This is a discussion on 7 Common Mistakes of Concealed Carry Licensees and New Shooters within the Concealed Carry Issues & Discussions forums, part of the Defensive Carry Discussions category; Interesting read 7 Common Mistakes of Concealed Carry Licensees & New Shooters | Craig Bushon Show...
Preparing for the Zombie Apocalypse or Rapture....whichever comes first.
I probably would have read the whole article if the author knew how to use a paragraph.
Last edited by RoadRunner71; August 11th, 2013 at 04:55 AM.
"Mind own business"
"Always cut cards"
"Rebellion against tyrants is obedience to God." - Benjamin Franklin
"Experience: that most brutal of teachers. But you learn, my God do you learn." - C.S. Lewis
Worth reading just to confirm what you thought was good info in the past.
Kahr CM9, Beretta PX4 SC .40, Ruger LCP/LM, Dan Wesson .357, Beretta 21A .22, Four Aces .22, H&R .22, Marlin .22 rifle and Remington 12 gauge.
I'd take issue with some of those points. Though not all about CC, here is my todo list:
Getting the largest firearm you can CC because you won't like the recoil or the lack of accuracy in a mouse gun
Understand 'deployment' - how quickly you need to access, dangers of off body carry, deploying in a car (rare), having too many options
How to practice, understanding the adrenaline dump, what to practice
When to shoot, legalities, aftermath, other options, how to deescalate, evade and escape, the three S rule
Partnering up, training your loved ones, running scenarios, assigning tasks and actions
How to progress from beginner to accomplished, how to maintain ability
When not to shoot
Cleaning, clearing and firearm maintenance
I like your list. I would turn it upside down, and think it would then be in better order of importance. In all my years in dealing with training shooters in the classroom and on the range, the biggest problem I see is a poor attitude or understanding about Storage and safety. Many new shooters are coming into the scene, and they just don't put enough importance on where and how they are going to store their equipment. It is a common mistake among even seasoned carry professionals.
I'm going to add, carrying a semiauto that has not had a "sufficient*" number of the rounds carried for SD test fired through it to prove reliability.
(I've seen an example of that on this forum).
Sufficient = subjective and variable term, but 6 or 7 rounds ain't it.
No internal lock or magazine disconnect on my pistols!
Good read. And good point here:
You should not waste your time, ammo, and effort training and shooting haphazardly just to fire a certain number of rounds. Rather, manage your shooting by planning the specific techniques, fundamentals, and skills you want to learn and improve upon while training.
"It may seem difficult at first, but everything is difficult at first."
I guess I have been using an ankle holster wrong all these years. When I use an ankle holster I wear it on the inside of my weak side ankle. It doesn't bump into stuff and is easier to get to with either hand. I don't think he convinced me to change yet. Anyone have advice that might help me change my mind?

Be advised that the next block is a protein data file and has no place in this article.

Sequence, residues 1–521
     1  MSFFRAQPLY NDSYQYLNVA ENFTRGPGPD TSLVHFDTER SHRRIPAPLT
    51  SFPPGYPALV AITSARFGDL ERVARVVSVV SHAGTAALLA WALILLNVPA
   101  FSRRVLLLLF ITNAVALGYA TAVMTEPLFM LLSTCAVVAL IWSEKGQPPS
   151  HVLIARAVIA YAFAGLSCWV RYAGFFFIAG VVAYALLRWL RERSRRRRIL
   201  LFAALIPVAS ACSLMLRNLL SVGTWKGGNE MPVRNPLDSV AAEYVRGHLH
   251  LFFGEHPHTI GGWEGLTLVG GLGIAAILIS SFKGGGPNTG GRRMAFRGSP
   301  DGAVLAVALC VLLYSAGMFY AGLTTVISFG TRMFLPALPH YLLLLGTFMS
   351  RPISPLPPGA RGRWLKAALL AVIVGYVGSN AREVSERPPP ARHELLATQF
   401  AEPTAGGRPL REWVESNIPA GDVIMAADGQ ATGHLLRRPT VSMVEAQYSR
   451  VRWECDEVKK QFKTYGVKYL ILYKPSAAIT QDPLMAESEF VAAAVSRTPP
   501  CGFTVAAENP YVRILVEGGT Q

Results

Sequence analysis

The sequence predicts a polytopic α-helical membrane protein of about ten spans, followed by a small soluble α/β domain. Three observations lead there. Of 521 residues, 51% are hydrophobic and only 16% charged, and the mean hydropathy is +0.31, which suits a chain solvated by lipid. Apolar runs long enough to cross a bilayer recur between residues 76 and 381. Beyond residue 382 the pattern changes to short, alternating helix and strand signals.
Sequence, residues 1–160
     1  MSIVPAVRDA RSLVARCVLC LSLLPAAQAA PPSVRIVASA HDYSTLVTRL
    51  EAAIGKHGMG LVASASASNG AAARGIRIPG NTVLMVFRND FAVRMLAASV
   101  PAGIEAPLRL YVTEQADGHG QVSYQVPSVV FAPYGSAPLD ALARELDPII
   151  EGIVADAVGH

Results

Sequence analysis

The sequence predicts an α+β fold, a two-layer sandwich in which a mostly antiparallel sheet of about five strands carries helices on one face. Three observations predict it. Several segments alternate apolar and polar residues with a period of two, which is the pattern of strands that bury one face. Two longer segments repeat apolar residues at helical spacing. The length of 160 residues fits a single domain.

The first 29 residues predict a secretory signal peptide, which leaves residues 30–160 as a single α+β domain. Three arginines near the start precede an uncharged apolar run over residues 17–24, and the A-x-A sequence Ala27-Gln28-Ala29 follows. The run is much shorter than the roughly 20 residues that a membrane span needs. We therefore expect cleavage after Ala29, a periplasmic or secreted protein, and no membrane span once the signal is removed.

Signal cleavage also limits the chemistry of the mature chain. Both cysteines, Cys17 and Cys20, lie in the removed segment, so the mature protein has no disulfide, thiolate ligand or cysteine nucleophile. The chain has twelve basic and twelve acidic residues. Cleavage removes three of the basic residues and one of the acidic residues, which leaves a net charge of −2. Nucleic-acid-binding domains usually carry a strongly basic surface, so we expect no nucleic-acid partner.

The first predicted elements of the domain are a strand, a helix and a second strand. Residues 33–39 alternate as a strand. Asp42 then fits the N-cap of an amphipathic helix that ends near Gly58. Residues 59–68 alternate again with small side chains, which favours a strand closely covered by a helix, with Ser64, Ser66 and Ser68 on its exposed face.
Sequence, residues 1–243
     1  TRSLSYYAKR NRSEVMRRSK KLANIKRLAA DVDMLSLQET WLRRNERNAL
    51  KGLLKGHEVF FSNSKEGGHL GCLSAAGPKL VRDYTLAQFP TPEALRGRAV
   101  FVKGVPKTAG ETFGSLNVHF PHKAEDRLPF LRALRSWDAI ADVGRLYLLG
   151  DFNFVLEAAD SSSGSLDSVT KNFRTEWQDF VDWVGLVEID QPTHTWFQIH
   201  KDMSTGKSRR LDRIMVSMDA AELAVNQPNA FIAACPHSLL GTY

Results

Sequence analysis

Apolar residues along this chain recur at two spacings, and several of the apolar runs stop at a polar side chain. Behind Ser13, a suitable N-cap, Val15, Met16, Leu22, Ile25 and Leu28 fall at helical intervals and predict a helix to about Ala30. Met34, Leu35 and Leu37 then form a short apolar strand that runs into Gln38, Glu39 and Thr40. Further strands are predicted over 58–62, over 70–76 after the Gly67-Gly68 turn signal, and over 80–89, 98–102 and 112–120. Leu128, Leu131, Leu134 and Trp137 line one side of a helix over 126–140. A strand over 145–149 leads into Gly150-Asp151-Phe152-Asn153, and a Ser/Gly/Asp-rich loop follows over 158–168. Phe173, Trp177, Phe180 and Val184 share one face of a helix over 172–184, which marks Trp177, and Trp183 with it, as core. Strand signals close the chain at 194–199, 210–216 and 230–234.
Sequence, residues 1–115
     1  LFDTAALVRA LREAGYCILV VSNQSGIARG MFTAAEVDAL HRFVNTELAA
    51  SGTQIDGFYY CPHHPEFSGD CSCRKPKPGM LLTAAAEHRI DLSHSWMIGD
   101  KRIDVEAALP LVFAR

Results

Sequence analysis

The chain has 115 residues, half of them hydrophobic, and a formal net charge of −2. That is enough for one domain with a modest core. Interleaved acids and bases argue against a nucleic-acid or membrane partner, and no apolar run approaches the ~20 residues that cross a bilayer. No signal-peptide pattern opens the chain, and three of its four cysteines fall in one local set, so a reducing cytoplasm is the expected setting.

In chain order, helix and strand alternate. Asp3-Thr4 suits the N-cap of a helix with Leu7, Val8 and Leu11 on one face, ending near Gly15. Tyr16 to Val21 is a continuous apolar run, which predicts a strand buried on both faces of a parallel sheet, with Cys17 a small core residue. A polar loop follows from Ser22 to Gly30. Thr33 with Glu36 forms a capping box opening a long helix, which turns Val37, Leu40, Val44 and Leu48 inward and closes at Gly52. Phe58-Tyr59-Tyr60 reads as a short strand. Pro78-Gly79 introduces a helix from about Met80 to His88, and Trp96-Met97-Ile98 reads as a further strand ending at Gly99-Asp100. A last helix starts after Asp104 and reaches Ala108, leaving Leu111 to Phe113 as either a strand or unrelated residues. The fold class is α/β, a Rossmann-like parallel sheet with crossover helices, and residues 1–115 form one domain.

Good people do not need laws to tell them to act responsibly, while bad people will find a way around laws. Plato
Good read and it's great to see that it has sparked some reflection whether we agree 100% or not. I just hope that the thread doesn't simply degrade into another caliber war.
To be polite, I'll say the author was mistaken in his method of ankle carry. If I wasn't feeling charitable, I'd have said he was flat-out WRONG!!!
NRA Life Member
The formatting looks like it was copied and pasted from someplace else. I suspected pirated text, but running likely-looking strings through Google didn't return any hits.
Running "Col (Dr) Benjamin Findley" through resulted on quite a few hits; Findley apparently teaches Florida CWP classes. Various hits show other CC articles by him on other sites.
I suspect this was some kind of class handout that got mangled going from some word processor to formatted HTML.
"This personal opinion article is meant for general information & educational purposes only and the author strongly recommends that you seek counsel from an attorney for legal advice and your own personal certified weapons trainer for proper guidance about shooting & using YOUR firearms, self-defense and concealed carry matters. It should not be relied upon as accurate for all shooters & the author assumes no responsibility for anyone’s use of the information and shall not be liable for any improper or incorrect use of the information or any damages or injuries incurred whatsoever."
That's a whopping disclaimer for an article that is, basically, only opinions... considering he's probably teaching much of it as a state certified instructor.
For some reason (possibly the formatting) the article came across as more "in your face" than "informative", but I didn't see anything I disagreed with enough to make an issue out of it.
Nope. For ankle carry, its weak side, inside ankle, for me.
Sit in a car and you will see why. Especially if you are in the drivers seat.
Some guy walking up, approaching your car door will never see you securing your weapon from that position, if you keep your head.